Activity-induced energy expenditure increases when someone exercises or engages in other physical activity. As a result, blood glucose levels can be lowered since the body can use up the blood glucose that is circulating in the body.

Muscle mass can also be increased by strengthening activities. When a person has larger muscular mass, they burn more calories at rest because muscle cells need energy even when they are not being used.

Body weight

The metabolism is influenced by body weight as well.

By making body cells less responsive to insulin, a high body weight raises the chance of developing type 2 diabetes. This makes it less likely for cells to retain extra glucose as effectively, increasing the likelihood of high blood sugar.

Type 2 diabetes can be brought on by a combination of being overweight, eating a diet rich in simple carbs, and doing a little exercise.

How does insulin medication affect metabolism?

The hormone insulin increases the absorption and storage of glucose as glycogen in the muscle, liver, and fat cells. A person’s blood glucose levels drop as a result of this.

The goal is to achieve a balance between blood glucose and insulin in diabetics. This indicates that a person has adequate energy available for consumption, but not excessive amounts that they run the danger of long-term health issues.

An excessive amount of insulin can lower blood sugar to risky levels, which is known as hypoglycemia. Insufficient utilization results in hyperglycemia.


Diabetes affects how the body processes and stores energy, which hampers metabolism. The hormone insulin, which regulates the quantity of glucose in the blood, is deficient, which is why this occurs.

Blood glucose levels can become excessive if there is not enough insulin, which over time results in a number of issues. People with type 2 diabetes can lower their blood sugar levels by improving their BMR and insulin sensitivity through physical activity, muscle building, and achieving or maintaining a healthy weight.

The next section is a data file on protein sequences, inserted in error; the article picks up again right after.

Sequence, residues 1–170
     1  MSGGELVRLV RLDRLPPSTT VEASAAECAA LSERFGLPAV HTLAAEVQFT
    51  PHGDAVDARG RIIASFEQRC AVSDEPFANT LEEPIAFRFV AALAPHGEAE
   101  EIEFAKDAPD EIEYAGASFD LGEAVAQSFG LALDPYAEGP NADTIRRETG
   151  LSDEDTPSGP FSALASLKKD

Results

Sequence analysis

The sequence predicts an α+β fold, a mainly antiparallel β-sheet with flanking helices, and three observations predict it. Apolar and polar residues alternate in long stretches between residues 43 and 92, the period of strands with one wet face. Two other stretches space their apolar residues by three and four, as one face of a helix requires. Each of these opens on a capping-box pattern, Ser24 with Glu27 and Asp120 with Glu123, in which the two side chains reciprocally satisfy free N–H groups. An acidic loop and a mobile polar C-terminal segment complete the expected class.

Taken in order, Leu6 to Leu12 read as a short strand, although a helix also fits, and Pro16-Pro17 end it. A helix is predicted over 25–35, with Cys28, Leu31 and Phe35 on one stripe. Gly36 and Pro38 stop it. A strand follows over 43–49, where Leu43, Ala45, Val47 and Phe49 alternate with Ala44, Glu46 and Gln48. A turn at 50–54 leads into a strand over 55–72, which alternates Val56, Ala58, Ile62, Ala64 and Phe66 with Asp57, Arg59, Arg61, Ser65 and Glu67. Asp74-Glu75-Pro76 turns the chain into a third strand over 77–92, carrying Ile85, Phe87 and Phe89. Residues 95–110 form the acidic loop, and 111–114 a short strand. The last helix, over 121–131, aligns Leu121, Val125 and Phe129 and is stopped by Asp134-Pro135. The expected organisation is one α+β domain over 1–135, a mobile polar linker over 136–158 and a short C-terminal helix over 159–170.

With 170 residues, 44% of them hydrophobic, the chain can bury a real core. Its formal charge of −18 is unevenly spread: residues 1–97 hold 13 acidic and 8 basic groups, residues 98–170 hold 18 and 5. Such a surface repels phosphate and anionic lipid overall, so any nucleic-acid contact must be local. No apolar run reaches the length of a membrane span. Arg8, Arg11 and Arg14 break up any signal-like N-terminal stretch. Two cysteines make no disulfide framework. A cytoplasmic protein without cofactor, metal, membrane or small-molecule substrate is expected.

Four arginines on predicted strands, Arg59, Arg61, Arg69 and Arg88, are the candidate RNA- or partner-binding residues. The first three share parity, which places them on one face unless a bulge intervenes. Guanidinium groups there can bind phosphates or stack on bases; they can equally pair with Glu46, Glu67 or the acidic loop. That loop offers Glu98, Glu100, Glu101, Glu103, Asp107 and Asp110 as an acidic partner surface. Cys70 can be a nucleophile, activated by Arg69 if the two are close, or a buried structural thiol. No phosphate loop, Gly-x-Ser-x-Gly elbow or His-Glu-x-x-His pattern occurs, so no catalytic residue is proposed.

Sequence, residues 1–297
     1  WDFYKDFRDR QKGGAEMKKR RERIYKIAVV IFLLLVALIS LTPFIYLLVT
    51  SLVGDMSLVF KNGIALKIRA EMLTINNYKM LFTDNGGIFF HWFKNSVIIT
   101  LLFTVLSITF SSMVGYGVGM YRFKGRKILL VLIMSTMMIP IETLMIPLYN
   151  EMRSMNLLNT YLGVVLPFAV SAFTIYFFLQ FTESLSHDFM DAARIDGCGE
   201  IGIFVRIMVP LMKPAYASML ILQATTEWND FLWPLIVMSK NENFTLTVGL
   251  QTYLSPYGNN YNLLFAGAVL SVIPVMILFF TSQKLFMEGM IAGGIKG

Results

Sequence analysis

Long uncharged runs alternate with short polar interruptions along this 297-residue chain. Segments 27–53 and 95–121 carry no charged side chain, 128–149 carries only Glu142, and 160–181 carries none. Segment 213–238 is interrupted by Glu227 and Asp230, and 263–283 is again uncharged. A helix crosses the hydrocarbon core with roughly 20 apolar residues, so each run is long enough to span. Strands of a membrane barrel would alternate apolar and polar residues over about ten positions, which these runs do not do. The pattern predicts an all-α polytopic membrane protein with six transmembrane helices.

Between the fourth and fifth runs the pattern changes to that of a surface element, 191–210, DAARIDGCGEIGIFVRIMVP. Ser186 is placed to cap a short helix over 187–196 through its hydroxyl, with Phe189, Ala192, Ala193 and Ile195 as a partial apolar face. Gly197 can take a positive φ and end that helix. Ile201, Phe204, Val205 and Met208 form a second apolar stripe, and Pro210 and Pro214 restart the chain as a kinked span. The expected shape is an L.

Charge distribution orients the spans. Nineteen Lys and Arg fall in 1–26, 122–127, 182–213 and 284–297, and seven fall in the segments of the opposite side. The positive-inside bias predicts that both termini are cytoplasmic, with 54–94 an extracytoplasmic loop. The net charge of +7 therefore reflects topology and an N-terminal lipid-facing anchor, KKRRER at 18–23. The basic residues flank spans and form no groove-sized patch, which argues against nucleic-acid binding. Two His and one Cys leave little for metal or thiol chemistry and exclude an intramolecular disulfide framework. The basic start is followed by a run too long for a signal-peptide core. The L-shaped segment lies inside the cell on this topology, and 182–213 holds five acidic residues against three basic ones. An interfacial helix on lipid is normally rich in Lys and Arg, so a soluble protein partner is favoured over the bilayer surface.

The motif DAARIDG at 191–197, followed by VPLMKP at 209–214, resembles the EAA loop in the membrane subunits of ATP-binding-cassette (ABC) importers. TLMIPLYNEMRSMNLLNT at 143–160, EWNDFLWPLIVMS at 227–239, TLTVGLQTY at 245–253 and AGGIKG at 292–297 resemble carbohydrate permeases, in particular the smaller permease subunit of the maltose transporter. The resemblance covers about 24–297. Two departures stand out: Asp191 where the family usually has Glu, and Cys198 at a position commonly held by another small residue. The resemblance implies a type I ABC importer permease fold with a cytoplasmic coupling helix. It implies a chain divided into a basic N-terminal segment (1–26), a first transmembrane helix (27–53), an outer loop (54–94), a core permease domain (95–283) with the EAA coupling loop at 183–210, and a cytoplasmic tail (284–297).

The consistent balancing of blood sugar levels throughout the day can be assisted by complex carbs.


How does diabetes relate to metabolism?

People with diabetes and those without the disease have very identical metabolisms. The amount and/or efficiency of the insulin that the body produces are the only things that differ.

Why is sugar metabolism important?

The production of ATP, which serves as the basis for both neuronal and non-neuronal cellular maintenance as well as the production of neurotransmitters, as well as glucose metabolism fuels physiological brain function.

What regulates blood sugar and metabolism?

Because it produces and secretes glucagon and insulin, the pancreas plays a crucial part in preserving appropriate blood glucose levels.

Can high metabolism cause low blood sugar?

Your metabolism will be boosted and your blood sugar will be further lowered if you continue to lead an active lifestyle. Keep these things in mind if you want to boost your metabolism and lower your risk of developing diabetes.